Larry King is very, very happy.
The broadcaster revealed to Page Six in a new interview that he nearly died in March after suffering a previously unreported stroke. Meanwhile, his tumultuous August divorce has been widely covered in the press.
But, as he prepares to celebrate his 86th birthday, King tells us, “Everything that’s happened to me, I’m grateful for. Maybe that sounds cliché, but I’m really, really grateful.” He added, “I’m happy.”
“I had what they call a slight stroke in March. Everything is back to normal, except my left foot. I can’t walk on my left foot, so I’m walking with a walker. It’s making me feel old,” he told us on Thursday, “But at least it helps me get around. Another thing I can’t stand is having people do things for me. I was always someone who did things for themselves.”
“They thought I was going to die in March. They told my two boys to come home. It was really touch-and-go,” he said, “I don’t remember any of it, because I was out during the whole time. I had a sepsis infection, I had a new stent put on the heart. It’s been amazing – everyone tells me they can’t believe I made it through.”
Now he says he’s feeling strong, and he’s working with a physical therapist. “I just want to walk,” he said, “They say that’s coming, the more I exercise. I might have a slight limp. But I’ll take it.”
King, who hosted CNN’s “Larry King Live” from 1985 until 2010, told us that he’s even back to work, working three or four days a week on his Emmy-nominated news show, “Larry King Now” and “Politicking with Larry King.” “Being in wheelchair doesn’t affect you, hosting a show,” he said, “I’m proud to be able to do that.”
On Monday evening his beloved Friars Club is throwing a birthday party for King, “to honor his life achievements.” According to Friars Club boss Michael Gyure, the 55th Street club is even “transforming the beautiful Crescent Hotel into the Friars Club for the evening.” “We’re bringing the castle to the king,” said Gyure.
“It’s a wonderful party,” King said, “We’ve got some great people. I’m looking forward to it.” Guests are expected to include Billy Crystal, Joan Collins, Frankie Valli, crooner Steve Tyrell, comic David Steinberg, Kirsten Chenoweth and Bill Maher. The Crescent is in LA, where King lives.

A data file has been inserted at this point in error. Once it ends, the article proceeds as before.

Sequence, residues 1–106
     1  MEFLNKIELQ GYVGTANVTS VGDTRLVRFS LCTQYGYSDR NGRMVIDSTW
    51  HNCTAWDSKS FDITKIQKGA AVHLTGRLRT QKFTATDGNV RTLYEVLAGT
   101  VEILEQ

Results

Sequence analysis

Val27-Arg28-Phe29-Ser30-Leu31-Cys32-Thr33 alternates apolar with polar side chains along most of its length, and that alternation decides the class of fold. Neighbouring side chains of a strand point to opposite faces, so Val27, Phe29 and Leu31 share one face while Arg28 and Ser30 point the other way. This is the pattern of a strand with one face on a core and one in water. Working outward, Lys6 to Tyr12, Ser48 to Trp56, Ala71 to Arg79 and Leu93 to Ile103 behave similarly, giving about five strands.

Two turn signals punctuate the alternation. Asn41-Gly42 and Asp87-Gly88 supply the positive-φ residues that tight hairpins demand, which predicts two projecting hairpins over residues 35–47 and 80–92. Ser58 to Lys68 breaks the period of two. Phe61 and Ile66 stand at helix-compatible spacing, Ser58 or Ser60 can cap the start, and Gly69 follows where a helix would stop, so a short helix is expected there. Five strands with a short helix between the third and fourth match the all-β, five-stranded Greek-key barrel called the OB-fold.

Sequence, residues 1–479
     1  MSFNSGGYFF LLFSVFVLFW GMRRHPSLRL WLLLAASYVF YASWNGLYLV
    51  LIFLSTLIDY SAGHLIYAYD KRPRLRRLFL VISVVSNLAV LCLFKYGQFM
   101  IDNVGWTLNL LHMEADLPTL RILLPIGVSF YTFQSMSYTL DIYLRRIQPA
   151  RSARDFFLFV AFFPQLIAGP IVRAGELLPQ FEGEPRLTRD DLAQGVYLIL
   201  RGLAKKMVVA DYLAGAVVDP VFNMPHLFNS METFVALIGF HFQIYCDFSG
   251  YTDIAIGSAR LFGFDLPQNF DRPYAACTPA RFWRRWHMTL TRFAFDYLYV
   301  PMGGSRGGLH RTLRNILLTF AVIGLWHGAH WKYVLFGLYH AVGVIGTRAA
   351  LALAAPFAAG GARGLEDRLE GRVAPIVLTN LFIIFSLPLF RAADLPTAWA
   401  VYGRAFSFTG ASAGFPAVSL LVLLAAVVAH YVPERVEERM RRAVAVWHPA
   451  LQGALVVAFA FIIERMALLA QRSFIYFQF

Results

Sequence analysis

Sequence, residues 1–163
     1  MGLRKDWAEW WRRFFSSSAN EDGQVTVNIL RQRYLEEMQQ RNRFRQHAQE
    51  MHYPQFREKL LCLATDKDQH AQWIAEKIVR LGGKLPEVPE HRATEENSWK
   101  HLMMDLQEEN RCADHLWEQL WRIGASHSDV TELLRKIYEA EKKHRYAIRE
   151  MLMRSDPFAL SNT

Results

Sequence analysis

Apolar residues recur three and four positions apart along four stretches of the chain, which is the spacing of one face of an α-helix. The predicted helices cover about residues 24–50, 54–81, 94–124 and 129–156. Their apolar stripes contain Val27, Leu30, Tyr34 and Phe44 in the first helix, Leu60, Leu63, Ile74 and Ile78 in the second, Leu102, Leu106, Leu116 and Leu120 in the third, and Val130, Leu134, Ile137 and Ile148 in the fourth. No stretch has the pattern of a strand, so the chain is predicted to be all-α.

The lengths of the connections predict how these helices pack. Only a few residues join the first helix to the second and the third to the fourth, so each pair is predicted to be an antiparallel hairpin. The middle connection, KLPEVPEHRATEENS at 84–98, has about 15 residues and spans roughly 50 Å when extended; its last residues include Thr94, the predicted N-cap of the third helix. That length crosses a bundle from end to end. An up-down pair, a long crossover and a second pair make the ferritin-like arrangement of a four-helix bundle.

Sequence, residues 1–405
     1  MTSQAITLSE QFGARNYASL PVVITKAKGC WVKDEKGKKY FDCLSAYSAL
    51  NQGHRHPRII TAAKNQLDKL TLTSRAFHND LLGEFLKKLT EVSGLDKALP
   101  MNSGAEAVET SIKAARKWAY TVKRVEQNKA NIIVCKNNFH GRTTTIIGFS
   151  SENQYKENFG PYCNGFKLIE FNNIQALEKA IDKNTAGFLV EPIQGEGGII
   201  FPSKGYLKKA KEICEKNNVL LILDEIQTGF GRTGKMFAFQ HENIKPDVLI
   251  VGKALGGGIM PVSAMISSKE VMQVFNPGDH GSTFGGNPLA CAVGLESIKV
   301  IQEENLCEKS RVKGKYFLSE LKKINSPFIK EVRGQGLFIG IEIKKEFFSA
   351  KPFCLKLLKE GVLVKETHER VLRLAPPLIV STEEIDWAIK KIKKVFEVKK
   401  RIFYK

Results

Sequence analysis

“I love the business. I love the business they’re in. I love the work they do. I’m honored that they’re coming,“ King told us.
Asked if there’s anything he hopes to achieve now that he’s back on his foot, Brooklyn-born King told us, “I don’t know what I could achieve. My achievements have exceeded my dreams. I never thought I’d have all these things happen to me.” He added, “I have a career – 62 years. Oh, come on! That’s impossible to me.”
“I never thought I’d be 86,” King told us, “My father died when he was 43, 44. I thought I would die too.”
He told us, somewhat proudly, that he’s had “every known major disease,” and reeling off various cancers and heart issues. (When we mentioned that “achievement” to pal and Friars Club roastmaster Jeff Ross, Ross said, “He still has time to get herpes.”)
Still, he says, “I have no complaints. Everything that’s happened to me, I’m grateful for. Maybe that sounds cliché, but I’m really, really grateful.”
In August, King – who has been married eight times to seven women, having gotten hitched to Alene Akins twice – split from, Shawn King, after 23 years of marriage.
“Even though the marriage is not working out, I still love my wife,” King told us, “We’re friends, which is a better way to be. What’s the sense of arguing and screaming at 86 years old? I have no complaints.”
When we asked him if marriage number nine might be on the cards, he said, “Another marriage. Are you out of your mind? No, no, no. This one was 23 years. I’ve had enough!
He added, “I’ve got great kids, great family. Kids in Florida, kids here. I got a son [Chance] going to University of Southern California – he’s a pitcher. Got another one [Cannon] whose a third baseman for West LA. I go to watch their games. I’ve got it pretty good.”
“I must be boring you with all this happiness,” he said.